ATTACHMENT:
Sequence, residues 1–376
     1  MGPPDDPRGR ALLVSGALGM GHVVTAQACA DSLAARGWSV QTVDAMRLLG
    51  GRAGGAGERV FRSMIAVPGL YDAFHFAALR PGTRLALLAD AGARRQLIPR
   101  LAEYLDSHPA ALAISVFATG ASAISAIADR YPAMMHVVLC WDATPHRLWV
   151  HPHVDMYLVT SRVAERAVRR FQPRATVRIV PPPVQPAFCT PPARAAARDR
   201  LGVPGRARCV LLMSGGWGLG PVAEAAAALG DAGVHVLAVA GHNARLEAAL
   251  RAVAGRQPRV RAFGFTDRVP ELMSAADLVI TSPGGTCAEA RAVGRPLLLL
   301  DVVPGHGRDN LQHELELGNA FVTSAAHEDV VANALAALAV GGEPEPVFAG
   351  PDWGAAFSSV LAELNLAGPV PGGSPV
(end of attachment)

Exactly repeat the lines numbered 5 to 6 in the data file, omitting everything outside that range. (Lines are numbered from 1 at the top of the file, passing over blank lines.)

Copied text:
   151  HPHVDMYLVT SRVAERAVRR FQPRATVRIV PPPVQPAFCT PPARAAARDR
   201  LGVPGRARCV LLMSGGWGLG PVAEAAAALG DAGVHVLAVA GHNARLEAAL